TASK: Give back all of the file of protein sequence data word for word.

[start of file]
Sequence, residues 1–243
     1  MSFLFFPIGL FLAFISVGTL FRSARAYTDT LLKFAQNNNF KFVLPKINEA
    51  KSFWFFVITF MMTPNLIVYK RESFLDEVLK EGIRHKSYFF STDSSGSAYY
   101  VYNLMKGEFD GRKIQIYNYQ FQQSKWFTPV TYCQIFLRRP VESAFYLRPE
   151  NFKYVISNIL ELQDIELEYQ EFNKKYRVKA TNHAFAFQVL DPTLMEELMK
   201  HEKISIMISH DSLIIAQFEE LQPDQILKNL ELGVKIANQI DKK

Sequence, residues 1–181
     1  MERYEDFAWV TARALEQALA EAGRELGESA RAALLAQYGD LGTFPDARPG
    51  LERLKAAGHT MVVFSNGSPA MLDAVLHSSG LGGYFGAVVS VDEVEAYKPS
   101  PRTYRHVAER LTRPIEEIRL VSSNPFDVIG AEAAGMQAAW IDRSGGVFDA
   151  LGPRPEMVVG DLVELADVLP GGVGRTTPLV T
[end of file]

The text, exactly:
Sequence, residues 1–243
     1  MSFLFFPIGL FLAFISVGTL FRSARAYTDT LLKFAQNNNF KFVLPKINEA
    51  KSFWFFVITF MMTPNLIVYK RESFLDEVLK EGIRHKSYFF STDSSGSAYY
   101  VYNLMKGEFD GRKIQIYNYQ FQQSKWFTPV TYCQIFLRRP VESAFYLRPE
   151  NFKYVISNIL ELQDIELEYQ EFNKKYRVKA TNHAFAFQVL DPTLMEELMK
   201  HEKISIMISH DSLIIAQFEE LQPDQILKNL ELGVKIANQI DKK

Sequence, residues 1–181
     1  MERYEDFAWV TARALEQALA EAGRELGESA RAALLAQYGD LGTFPDARPG
    51  LERLKAAGHT MVVFSNGSPA MLDAVLHSSG LGGYFGAVVS VDEVEAYKPS
   101  PRTYRHVAER LTRPIEEIRL VSSNPFDVIG AEAAGMQAAW IDRSGGVFDA
   151  LGPRPEMVVG DLVELADVLP GGVGRTTPLV T